Both gold and silver hold an important place in Indian households as it is considered auspicious during festive occasions. In addition to this, both these metals have been one of the favourite investment avenues for investors to earn satisfactory returns.
However, for centuries, the state has encountered challenges arising out of adulteration. Historically, various ruling dispensations tried to address these challenges by introducing identification marks or hallmarks to determine the purity of the metal.
However, a more formalised system of hallmarking for both these metals emerged in the late twentieth and early twenty-first century. Many countries, including India, adopted the practice of hallmarking silver to achieve the following objectives:
Save consumers from adulteration in silver
Compel the jewellers and manufacturers to maintain legal standards of silver purity
Read on to know more about the history of silver hallmarks and how to check the purity of silver in India.
The earliest attempt of regulating the standards of silver was made by Henry III as early as 1238. An order was then passed to appoint six goldsmiths to oversee this craft in London. However, the first attempt at hallmarking silver dates back to the time of Edward I.
Edward I passed a statute in 1300 requiring the ‘Guardians of the Craft’ to go from shop to shop to oversee the purity standards. They were required to apply a leopard’s mark as identification for sterling silver, i.e., silver purity of 92.5%.
While silver hallmarks were earlier confined only to London, the assay offices were opened in other major centres of Britain in subsequent centuries. In the fifteenth and seventeenth centuries, assay offices began functioning in Edinburgh and Dublin, respectively.
Later, new machines dramatically increased the production of silver in the sixteenth century. This led to a demand for new assay offices in Birmingham and Sheffield, which were opened after an Act passed by the British Parliament in 1773.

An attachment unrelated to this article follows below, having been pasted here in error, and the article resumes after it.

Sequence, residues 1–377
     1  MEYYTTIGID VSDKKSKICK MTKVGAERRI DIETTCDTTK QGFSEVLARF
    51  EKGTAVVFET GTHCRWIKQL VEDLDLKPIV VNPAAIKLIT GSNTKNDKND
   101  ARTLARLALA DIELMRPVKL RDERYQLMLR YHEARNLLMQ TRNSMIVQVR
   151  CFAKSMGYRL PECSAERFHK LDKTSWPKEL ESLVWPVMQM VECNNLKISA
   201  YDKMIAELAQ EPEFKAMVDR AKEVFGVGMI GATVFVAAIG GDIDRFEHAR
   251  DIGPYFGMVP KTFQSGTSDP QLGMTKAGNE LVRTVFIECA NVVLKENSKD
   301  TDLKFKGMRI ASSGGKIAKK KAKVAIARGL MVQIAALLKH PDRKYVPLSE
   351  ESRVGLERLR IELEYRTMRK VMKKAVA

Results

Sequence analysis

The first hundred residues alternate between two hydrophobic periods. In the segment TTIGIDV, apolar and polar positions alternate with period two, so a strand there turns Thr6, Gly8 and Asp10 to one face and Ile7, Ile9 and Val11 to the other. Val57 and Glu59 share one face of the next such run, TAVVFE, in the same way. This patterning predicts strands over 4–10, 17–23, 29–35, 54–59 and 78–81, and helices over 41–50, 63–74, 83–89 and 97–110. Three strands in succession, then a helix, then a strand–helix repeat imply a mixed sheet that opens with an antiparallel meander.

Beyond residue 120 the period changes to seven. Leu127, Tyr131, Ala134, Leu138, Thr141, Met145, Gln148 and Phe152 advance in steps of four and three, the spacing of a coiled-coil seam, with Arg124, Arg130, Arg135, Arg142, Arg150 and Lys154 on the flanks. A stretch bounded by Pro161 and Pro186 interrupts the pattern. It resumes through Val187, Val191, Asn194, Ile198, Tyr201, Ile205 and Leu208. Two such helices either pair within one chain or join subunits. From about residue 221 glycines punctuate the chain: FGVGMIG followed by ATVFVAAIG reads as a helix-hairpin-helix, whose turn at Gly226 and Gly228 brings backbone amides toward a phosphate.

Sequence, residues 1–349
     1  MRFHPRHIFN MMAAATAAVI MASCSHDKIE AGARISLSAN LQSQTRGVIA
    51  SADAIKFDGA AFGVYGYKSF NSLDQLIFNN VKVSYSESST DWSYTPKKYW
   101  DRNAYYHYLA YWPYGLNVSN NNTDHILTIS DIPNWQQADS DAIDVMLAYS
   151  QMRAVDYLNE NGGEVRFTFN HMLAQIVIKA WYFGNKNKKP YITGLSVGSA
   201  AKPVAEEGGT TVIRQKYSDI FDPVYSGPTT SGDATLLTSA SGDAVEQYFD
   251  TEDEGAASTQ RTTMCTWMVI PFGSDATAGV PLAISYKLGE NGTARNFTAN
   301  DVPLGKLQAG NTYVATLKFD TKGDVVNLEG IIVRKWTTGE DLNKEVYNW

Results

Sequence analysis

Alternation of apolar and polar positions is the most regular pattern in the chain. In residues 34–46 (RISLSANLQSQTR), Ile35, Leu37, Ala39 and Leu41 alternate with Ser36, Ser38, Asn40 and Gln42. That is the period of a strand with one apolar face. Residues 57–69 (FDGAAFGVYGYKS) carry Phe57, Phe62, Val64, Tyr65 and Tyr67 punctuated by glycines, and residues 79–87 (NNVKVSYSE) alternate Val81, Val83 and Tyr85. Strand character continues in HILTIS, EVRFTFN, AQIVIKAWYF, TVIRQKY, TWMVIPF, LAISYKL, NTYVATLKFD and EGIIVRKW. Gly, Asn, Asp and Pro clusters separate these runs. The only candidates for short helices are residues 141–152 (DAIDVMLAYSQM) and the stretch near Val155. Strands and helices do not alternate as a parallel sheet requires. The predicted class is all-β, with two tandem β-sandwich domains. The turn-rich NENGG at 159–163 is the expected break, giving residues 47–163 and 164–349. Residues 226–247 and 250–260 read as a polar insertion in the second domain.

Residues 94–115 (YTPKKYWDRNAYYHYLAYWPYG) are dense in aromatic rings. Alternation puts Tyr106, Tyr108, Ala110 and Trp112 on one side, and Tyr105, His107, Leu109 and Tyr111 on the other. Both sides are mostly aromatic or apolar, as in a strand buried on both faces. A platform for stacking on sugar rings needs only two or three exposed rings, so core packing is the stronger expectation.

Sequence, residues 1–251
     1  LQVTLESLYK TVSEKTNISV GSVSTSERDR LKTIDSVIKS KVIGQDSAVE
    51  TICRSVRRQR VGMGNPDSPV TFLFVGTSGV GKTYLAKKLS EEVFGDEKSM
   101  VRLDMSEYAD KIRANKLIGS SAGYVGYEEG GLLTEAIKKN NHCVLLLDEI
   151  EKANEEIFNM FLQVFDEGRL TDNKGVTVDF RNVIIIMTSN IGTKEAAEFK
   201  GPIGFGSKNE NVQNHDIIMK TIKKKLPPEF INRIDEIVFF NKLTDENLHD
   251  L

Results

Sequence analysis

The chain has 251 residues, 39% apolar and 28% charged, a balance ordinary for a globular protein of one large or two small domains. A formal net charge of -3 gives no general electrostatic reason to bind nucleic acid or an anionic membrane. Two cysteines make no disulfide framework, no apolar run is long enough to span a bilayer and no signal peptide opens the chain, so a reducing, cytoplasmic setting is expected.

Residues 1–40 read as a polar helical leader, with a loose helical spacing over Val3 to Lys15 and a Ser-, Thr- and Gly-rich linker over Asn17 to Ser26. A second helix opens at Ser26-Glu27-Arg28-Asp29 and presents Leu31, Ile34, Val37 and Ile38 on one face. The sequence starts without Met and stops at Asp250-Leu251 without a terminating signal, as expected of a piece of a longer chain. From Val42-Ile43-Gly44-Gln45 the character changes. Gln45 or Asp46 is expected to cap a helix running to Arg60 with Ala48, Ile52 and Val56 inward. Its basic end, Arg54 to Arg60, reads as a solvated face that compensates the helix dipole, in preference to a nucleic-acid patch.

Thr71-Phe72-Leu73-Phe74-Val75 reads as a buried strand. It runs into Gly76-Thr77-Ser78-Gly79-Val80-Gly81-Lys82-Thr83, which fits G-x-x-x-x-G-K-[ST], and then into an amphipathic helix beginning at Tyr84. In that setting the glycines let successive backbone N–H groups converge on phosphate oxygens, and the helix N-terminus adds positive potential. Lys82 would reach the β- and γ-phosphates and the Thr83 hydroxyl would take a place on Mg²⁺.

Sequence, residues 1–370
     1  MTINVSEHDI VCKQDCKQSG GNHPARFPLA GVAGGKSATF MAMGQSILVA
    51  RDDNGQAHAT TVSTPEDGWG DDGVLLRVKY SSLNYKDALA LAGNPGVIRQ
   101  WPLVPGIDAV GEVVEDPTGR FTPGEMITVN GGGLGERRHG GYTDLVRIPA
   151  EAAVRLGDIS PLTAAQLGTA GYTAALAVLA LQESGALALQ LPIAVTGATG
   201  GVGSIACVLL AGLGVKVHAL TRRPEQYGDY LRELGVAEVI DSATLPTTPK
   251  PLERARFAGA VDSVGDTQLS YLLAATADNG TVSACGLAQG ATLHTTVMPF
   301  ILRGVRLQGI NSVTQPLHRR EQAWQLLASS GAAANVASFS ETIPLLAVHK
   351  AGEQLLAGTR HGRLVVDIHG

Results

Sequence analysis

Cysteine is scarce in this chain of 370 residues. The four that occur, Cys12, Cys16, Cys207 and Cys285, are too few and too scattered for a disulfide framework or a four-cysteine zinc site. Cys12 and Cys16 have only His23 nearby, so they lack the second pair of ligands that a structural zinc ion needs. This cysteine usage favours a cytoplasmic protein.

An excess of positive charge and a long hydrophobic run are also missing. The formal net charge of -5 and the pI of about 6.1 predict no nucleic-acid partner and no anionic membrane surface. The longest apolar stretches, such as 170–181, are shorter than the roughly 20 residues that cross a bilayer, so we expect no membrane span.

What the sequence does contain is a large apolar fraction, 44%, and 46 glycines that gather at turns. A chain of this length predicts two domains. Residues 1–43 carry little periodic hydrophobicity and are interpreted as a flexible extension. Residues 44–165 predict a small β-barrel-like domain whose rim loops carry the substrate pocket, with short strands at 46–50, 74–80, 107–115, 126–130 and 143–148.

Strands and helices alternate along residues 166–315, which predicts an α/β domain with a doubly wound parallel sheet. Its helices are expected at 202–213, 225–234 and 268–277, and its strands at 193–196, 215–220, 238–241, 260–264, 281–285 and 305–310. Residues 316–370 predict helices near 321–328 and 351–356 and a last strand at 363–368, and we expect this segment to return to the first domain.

In subsequent centuries, many modifications were made to the silver hallmark identification system, such as the introduction of the maker’s mark. While the hallmarking system flourished in Britain, it was also adopted by other countries as well.
This culminated in the formation of an International Convention on Hallmarking which was signed in Vienna in 1972. There are 21 signatories to this convention. It facilitates the citizens of these countries to transport silver with a hallmark from one country to another without testing.
If you are wondering how to identify pure silver in India, there is a hallmarking system for silver in place. As per a government notification from 2017, silver has been subjected to the hallmarking system.
This system is managed by the Bureau of Indian Standards (BIS). It conducts regular audits and random sample testing from the market to maintain qualified standards of silver purity.
Moreover, it has notified six different standards grades for silver:
Grade 925 hallmark
It is easier to understand these silver hallmarks with an example. If you purchase sterling silver, the Grade notified for it by BIS is ‘Grade 925’.
Sterling silver contains 92.5% of pure silver and 7.5% of other metals like zinc or copper mixed with it. Similarly, Grade 990 is the finest grade of silver as it will contain 99% of pure silver. However, unlike gold, the government has still not made hallmarking mandatory for silver jewellery, coins, or bars.
As mentioned above, silver hallmarks are not mandatory, but you can ask the jeweller to get a piece of jewellery hallmarked at the time of purchase. The jeweller will take the silver to the nearest BIS assaying centre for testing.
If the silver meets the BIS regulatory standards, it will be hallmarked by the centre. For the identification of silver marks by the BIS, you need to look for the following signs:
BIS Mark: The most trusted indicator of silver purity is the BIS mark. It is the logo of BIS which is a dot inside a triangle
Grade: The 3-digit number on the silver ornaments denotes its Grade, i.e., its fineness or purity
Year of Making: This denotes the year in which a particular silver item was manufactured
The Bureau of Indian Standards (BIS) engraves silver hallmarks. These hallmarks are the best silver hallmark.
The 3-digit number available on your silver jewellery is its Grade or fineness.
You can identify silver and its quality through its hallmark.
The highest rating of silver is Grade 990, which contains 99% of pure silver.
Yes, 925 silver can react with ozone and hydrogen, which can cause rusting in the long term.
You can check the BIS silver hallmark to check if your silver is real.
You can use a mixture of nitric acid and muriatic acid to determine your silver’s purity. As silver is not magnetic, you can also put it through a magnet test.
Grade 990 is real silver as it is the purest form of silver available in the market.
Sterling silver, i.e., Grade 925 is best for daily wear.